Survivors weeping over the coffins of their loved ones in a sports hall transformed into a burning chapel: the emotion is strong on Wednesday in Crotone, in the south of Italy, three days after the deadly sinking of a migrant boat.
Family members of the survivors and the 67 victims also arrived from abroad to collect the remains.
At the same time, members of the rescue teams continue to search for the bodies of the other victims along the coast. That of a five-year-old boy was found on Wednesday morning, local authorities said.
In Crotone, weeping women are led inside the burning chapel between the rows of coffins installed on the parquet floor of PalaMilone, the sports center of this city of nearly 60,000 inhabitants located in Calabria, the heel of the Italian boot .
Some kneel and pray in silence, others cry out in despair.
After a group prayer, women and men hug and caress the coffins adorned with flowers, a man bursts into tears while touching a stuffed animal. Others, taken ill, are evacuated by members of the Italian Red Cross.
A psychologist sent by the NGO Médecins sans Frontières (MSF) was present to support them. "We accompanied the survivors of the sinking, but also many relatives who arrived from abroad - from Germany, Austria... - to identify their relatives (among the dead, editor's note) or look for them among the hospitalized people" , Mara Eliana Tunno told AFP.
"We also accompanied some of them for the last salute to the remains, with a moment of meditation and prayer. It was a very difficult moment," she said.
In front of the sports complex, members of the families of the victims recount the last messages exchanged with their relatives, who had embarked last week in Izmir in Turkey on board this overloaded boat. She was wrecked with her approximately 180 passengers in a storm just before reaching the Calabrian coast.
Mohamed Djafari, an Afghan living in Germany, told AFPTV that his 40-year-old cousin called him just before 4 a.m. Sunday morning. "She said to me: we are about to arrive, we see the beach, we see the lights", he recalls.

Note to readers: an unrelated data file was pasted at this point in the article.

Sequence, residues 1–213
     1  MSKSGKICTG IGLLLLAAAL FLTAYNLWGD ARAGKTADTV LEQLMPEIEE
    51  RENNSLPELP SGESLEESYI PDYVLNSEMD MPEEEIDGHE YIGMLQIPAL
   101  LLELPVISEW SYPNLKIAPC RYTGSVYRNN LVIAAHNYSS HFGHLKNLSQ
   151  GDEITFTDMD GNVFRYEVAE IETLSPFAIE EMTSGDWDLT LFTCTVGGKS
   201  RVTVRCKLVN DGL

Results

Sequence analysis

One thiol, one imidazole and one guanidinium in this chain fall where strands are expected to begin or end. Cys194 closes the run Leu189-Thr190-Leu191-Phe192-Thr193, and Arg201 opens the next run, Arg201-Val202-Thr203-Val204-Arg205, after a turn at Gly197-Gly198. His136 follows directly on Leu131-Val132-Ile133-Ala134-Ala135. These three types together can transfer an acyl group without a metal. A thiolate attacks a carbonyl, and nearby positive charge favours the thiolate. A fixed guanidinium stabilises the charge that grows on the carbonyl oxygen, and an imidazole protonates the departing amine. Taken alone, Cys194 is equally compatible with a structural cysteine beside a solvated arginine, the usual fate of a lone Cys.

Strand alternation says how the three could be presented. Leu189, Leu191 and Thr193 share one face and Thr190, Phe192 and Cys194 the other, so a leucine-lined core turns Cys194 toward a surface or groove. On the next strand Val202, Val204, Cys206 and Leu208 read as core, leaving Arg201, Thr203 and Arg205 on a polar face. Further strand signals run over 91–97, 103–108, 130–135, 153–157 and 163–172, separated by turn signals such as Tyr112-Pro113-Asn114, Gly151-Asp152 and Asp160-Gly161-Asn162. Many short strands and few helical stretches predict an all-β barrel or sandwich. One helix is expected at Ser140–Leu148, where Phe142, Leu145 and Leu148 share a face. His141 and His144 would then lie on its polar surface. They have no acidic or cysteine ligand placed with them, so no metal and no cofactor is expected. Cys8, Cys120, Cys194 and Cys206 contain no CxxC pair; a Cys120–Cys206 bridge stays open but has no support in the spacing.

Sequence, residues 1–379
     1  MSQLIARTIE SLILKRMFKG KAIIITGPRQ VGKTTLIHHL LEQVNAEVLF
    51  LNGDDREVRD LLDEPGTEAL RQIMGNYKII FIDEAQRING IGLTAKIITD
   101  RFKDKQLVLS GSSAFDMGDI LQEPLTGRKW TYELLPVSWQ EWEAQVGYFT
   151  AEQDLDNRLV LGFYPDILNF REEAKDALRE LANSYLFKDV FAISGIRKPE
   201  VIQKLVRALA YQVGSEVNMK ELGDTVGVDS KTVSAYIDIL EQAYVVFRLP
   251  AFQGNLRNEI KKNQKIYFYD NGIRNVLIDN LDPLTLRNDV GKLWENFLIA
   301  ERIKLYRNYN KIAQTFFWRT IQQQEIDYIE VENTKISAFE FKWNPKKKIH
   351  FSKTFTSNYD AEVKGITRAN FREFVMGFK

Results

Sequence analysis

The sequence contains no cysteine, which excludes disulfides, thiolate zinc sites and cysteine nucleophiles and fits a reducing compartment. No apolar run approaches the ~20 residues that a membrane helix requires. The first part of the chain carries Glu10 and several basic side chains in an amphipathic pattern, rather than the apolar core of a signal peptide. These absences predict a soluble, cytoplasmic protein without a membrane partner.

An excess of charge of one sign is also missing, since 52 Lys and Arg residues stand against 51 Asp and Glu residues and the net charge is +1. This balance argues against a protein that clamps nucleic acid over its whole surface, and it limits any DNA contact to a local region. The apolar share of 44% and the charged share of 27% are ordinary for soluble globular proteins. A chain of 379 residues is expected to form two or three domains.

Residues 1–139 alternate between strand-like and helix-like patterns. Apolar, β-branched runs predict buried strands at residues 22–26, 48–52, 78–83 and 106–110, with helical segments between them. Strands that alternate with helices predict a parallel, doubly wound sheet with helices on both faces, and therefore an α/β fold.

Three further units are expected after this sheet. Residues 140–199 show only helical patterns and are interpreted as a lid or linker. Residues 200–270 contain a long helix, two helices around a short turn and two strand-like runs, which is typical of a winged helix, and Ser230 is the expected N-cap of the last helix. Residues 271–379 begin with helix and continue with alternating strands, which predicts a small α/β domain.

She then called him back saying, "please Mohamed, come and help me, I don't know what to do," he continues.
The lifeboat broke up not far from shore, possibly hitting a sandbar, plunging all passengers into the icy waters of the raging sea.
Mohamed Djafari's cousin is among the survivors, as is his ten-year-old son. Both are hospitalized.
Her 17-year-old daughter, on the other hand, lost her life, while the seven-year-old is still missing, said Mohamed Djafari. "I drove 22 hours. With the hope that the children are still alive," he breathes.
About fifteen minors are among the victims at this stage.
A fisherman who arrived on the spot shortly after the sinking described the scene to AFPTV: "There were people shouting, it was dark, I didn't understand anything". "When I turned on the torch on my mobile phone, there were dead people lying on the ground, there were also children," said Vincenzo Luciano, 50, from Steccato di Cutro.
Some 80 passengers survived, from Afghanistan, Pakistan, Somalia and Syria, but other migrants are still missing.
This is one of the deadliest accidents to have occurred in the central Mediterranean, considered one of the most dangerous migratory routes in the world but which tens of thousands of migrants and asylum seekers continue to use each year to trying to find a better life in Europe.
03/01/2023 20:13:33 - Crotone (Italie) (AFP) - © 2023 AFP